Grambling State University is mourning the death of alumna Browne C. Lewis, who was serving as Dean of the North Carolina Central School (NCCU) and passed away on June 2 while attending a conference.
Lewis graduated number one in her class from Grambling State University with a Bachelor of Arts in Political Science in 1983. Prior to attending law school, she received summer fellowships to study at Carnegie-Mellon University, the Humphrey Institute at the University of Minnesota, and the John F. Kennedy School of Government at Harvard University.
Lewis started her professional career as a statistician and ADR trainer at the Conflict and Change Center in Minneapolis, Minnesota.
A member of the American Law Institute, Lewis served on the Board of the Center for Computer-Assisted Legal Instruction and received several prestigious national and international awards.
Lewis had been a visiting scholar at Yale University’s Interdisciplinary Center for Bioethics and The Hasting Center and while acting as a visiting researcher at the Brocher Foundation in Geneva, Switzerland, Lewis conducted research on physician-assisted suicide. As a Senior Fulbright Specialist, she lectured and conducted research at Haifa University and Hebrew University in Israel.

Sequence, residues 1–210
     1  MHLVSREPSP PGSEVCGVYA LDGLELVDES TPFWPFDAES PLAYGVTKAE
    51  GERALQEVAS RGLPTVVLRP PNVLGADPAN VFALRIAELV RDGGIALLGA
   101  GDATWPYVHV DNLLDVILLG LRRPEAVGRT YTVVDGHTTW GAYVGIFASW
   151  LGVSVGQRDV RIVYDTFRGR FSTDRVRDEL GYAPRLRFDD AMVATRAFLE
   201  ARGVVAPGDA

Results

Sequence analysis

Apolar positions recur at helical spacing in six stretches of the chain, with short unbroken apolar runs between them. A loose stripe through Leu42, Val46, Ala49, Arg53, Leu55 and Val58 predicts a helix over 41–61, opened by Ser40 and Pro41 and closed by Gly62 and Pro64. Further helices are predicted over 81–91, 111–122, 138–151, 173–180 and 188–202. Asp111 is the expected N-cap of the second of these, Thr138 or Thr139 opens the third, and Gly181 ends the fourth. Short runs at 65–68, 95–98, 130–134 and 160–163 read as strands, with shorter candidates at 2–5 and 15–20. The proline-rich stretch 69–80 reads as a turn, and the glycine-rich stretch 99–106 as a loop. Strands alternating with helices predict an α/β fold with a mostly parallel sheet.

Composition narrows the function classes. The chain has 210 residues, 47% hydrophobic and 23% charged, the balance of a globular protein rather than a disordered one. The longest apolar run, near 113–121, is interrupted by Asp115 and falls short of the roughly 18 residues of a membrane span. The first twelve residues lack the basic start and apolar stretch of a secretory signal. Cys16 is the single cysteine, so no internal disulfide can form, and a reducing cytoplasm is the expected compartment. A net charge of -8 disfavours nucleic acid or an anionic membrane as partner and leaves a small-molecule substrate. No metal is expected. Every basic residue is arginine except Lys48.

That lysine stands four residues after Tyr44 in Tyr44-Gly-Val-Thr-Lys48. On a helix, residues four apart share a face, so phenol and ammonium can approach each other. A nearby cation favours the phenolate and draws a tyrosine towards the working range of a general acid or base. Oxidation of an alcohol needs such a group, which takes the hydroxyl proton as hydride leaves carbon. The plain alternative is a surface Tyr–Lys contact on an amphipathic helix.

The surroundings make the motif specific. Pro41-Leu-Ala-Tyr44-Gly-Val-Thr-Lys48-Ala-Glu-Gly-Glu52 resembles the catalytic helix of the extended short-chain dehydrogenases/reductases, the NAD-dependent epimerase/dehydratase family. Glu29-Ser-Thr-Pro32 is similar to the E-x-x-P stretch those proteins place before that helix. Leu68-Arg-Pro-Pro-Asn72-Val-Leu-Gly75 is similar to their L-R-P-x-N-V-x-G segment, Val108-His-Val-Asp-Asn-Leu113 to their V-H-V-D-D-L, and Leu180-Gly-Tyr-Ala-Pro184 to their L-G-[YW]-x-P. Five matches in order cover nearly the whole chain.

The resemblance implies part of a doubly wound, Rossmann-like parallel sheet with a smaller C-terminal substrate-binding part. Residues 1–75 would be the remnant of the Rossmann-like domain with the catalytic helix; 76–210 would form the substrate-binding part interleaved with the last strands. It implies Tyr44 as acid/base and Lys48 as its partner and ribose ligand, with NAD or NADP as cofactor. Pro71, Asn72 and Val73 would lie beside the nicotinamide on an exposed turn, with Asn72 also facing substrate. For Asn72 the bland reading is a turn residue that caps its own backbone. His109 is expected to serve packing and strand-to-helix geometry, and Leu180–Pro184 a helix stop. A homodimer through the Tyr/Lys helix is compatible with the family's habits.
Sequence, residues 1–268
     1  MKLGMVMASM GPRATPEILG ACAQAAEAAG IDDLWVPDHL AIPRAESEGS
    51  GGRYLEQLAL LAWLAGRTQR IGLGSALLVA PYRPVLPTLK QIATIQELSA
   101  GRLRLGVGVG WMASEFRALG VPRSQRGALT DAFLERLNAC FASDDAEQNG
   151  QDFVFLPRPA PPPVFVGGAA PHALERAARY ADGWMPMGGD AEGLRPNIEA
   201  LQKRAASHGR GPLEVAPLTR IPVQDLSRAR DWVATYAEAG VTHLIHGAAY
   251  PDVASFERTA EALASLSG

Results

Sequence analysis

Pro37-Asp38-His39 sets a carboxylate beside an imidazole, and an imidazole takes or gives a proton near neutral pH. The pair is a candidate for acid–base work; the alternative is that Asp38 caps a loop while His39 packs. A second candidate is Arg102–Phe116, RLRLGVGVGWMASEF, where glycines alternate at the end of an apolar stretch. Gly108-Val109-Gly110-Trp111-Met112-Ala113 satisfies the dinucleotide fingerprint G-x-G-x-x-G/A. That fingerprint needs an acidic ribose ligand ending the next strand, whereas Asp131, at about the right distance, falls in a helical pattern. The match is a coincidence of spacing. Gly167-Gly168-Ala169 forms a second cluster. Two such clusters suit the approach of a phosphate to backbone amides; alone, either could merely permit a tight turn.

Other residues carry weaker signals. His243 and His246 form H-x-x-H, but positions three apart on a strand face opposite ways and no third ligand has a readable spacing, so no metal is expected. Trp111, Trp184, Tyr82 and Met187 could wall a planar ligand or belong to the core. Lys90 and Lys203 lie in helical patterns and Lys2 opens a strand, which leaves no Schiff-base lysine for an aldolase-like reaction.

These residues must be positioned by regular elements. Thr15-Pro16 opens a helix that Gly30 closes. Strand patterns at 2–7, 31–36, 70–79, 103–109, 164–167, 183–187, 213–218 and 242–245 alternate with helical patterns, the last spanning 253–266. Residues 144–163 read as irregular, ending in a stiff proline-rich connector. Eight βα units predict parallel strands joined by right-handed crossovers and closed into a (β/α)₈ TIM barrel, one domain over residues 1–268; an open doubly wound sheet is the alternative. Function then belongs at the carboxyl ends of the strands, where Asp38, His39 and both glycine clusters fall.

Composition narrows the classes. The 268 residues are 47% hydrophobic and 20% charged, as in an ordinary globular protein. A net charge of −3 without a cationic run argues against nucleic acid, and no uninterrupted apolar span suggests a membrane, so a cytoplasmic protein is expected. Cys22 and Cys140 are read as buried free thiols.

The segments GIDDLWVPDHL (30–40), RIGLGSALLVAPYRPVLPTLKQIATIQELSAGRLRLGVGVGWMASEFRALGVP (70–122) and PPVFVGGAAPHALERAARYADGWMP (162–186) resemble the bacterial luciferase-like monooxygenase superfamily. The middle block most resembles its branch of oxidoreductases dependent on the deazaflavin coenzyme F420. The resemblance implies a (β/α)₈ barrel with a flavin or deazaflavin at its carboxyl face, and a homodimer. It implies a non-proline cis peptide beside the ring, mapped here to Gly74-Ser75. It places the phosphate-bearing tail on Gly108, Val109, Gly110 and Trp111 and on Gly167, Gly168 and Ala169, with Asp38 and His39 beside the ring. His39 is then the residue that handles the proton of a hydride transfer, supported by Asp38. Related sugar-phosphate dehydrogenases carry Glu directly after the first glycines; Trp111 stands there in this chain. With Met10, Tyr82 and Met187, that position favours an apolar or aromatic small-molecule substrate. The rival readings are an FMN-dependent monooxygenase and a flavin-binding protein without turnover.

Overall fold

Lewis was also a Core Fulbright Scholar at King’s College in the United Kingdom, and after becoming one of only six law professors selected as a Robert Wood Johnson Public Health Law Scholar, she worked with the Cleveland Public Health Department to study the public health consequences of allowing minors to purchase small cigars.
She authored two books, “Papa’s Baby: Paternity and Artificial Insemination” (New York University Press) and “The Ethical and Legal Consequences of Posthumous Reproduction: Arrogance, Avarice and Anguish” (Routledge Publishing).
Lewis’ most recently worked-on book, said to be about death and dying, is reported to be forthcoming from Edward Elgar Publishing Company. Lewis was also one of the editors and a contributing author of “Feminist Judgments: Rewritten Trusts and Estates Opinions.”